That requirement was confirmed with several nonprofit lawyers, including John E. Christopher of the Cincinnati firm Manley Burke.
"It's part of the rules of the game. ... If you get a nonprofit exemption, you need to play ball with the public disclosure rules," Christopher said. "After all, the public is helping finance the group with the tax exemption in the first place."
The American Center for Law and Justice is representing several groups targeted by the IRS. The Washington-based conservative advocacy group refused to provide the full set of documents for the Lexington-based Kentucky 912 Project, citing attorney-client privilege. Langdon also did not provide complete documents for Jobs and Progress, Faith and Freedom, or Protect Your Vote.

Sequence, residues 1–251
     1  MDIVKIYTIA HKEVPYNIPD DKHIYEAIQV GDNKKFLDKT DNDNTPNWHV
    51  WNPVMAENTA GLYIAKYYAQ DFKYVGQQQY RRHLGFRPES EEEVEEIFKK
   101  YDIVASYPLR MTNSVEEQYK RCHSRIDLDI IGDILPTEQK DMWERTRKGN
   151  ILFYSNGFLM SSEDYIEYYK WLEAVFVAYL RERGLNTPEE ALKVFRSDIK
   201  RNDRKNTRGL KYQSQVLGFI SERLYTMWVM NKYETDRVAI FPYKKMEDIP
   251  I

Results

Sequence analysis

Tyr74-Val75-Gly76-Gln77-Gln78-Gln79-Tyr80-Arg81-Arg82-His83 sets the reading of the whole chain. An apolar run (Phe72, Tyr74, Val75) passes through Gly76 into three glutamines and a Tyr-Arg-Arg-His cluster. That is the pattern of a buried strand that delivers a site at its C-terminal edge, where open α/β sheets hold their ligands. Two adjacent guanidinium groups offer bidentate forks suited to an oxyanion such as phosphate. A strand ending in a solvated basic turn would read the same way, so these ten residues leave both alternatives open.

Officials with the other regional groups listed by the IRS provided their documents as required, including the Ohio Liberty Coalition. Also responding was the West Chester-based anti-Obamacare group Ohioans For Healthcare Freedom.
A recently created progressive/liberal group from Ohio, Innovation Ohio of Columbus, did not file for nonprofit status. Its educational subsidiary, Innovation Ohio Education Fund, did file for 501(c)(3) status, though, and received many of the same questions as conservative groups. That organization did release its records when made aware of the IRS regulations.
Organizations operating as 501(c)(4)s are not required to file to the IRS for tax exempt status, and Innovation Ohio's attorney Jeffrey Ruppert said in an email that the group's board "decided that resources should be dedicated ... to achieving its core educational and social welfare mission, rather than filing a Form 1024," the IRS nonprofit application.
(Contributing: Chrissie Thompson, The Cincinnati Enquirer)